Africa obtains “historic” malaria vaccine approval for children

October 7, 2021
Africa obtains “historic” malaria vaccine approval for children

The World Health Organization (WHO) has approved of a malaria vaccine for use for children within the African continent. This announcement comes after the successful completion of pilot immunisation programmes with the vaccine in Ghana, Kenya, and Malawi. The WHO added that the malaria vaccine would be distributed to regions with moderate to high malaria transmission.

One of the biggest scourges on humanity, malaria is a disease caused by parasite, spread by the bite of blood-sucking mosquitos. There are more than 100 types of malaria parasite – it is adept at invading the immune system and still destroys vital cells along the way. According to health data, children and babies account for most of the fatalities caused by malaria.

The greatest burden of the disease is felt in Africa, where more than 260,000 children died from the disease in 2019.

“Imagine your young child could be healthy one day and full of potential and then after the bite of an infected mosquito, while playing with friends or sleeping in a bed, they could be dead in a couple of weeks,” supplied Dr. Ashley Birkett, from the PATH Malaria Vaccine Initiative (MVI).

The WHO-sanctioned vaccine known as RTS,S will therefore target the deadliest and most common malaria parasite in Africa: Plasmodium falciparum. RTS,S is able to target the sporozoite form of the parasite (this is the stage between being bitten by a mosquito and the parasite getting to the liver).

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Despite doubts vaccine would work, the pilot immunisation programme – which included over 2.3 million doses of the vaccine – confirmed that it was safe, cost-effective, and most importantly led to a 30% reduction in severe malaria. The vaccine provided some degree of protection to more than two-thirds of African children who slept without a bed-net, to keep mosquitoes away.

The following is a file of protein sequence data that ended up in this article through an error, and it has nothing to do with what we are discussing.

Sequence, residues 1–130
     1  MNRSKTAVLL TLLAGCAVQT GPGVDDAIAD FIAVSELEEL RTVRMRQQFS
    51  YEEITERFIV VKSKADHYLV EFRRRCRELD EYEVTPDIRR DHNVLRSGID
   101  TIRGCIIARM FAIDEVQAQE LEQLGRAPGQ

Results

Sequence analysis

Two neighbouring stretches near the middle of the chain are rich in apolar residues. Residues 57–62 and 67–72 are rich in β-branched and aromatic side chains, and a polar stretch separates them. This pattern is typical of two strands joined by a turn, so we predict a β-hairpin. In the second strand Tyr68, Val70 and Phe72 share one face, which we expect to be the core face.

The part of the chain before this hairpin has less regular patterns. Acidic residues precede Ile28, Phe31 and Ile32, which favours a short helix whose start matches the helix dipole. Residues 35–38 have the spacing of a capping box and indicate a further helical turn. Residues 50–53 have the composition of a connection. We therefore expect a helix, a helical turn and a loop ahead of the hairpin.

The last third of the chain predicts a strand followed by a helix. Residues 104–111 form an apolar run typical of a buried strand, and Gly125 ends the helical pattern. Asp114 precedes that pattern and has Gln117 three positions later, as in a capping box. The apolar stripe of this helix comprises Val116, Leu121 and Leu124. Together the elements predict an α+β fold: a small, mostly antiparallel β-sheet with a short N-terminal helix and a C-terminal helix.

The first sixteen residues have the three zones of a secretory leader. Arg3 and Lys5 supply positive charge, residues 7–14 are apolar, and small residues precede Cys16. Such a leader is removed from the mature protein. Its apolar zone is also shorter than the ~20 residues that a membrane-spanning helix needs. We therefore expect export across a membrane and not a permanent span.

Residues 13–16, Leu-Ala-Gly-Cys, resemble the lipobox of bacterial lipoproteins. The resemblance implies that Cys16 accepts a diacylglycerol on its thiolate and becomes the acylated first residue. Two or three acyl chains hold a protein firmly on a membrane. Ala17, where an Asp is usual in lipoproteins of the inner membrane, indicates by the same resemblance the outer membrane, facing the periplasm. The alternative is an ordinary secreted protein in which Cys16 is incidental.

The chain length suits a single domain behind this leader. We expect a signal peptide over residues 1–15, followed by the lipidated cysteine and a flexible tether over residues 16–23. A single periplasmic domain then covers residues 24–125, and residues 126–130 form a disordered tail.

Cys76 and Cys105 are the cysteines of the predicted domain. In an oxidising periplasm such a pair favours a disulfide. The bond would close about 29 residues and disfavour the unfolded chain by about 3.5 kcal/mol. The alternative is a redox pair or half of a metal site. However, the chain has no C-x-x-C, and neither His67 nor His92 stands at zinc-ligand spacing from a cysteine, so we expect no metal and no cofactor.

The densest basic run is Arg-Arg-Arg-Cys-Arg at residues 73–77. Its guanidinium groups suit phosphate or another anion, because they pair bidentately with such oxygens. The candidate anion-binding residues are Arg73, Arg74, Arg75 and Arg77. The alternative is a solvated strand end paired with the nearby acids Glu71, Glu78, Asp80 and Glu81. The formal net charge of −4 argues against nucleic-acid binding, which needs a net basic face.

“It is quite an exciting moment for us, with large-scale vaccination I believe the malaria [death] toll will be reduced to the barest minimum,” said Dr. Kwame Amponsa-Achiano, who piloted the mass vaccine drive in Ghana. Constantly catching malaria as a child inspired Dr Amponsa-Achiano to become a doctor in Ghana. This initiative holds a place close to his heart.

The vaccine, developed by the pharmaceutical giant GSK, will be used alongside insecticide-treated bed nets in Africa; it will also not used outside of Africa where different forms of malaria, which the vaccine cannot protect against, are more prevalent.

“The long-awaited malaria vaccine for children is a breakthrough for science, child health and malaria control,” Dr. Tedros Adhanom Ghebreyesus, Director-general of the WHO, concluded.

“[It] could save tens of thousands of young lives each year.”

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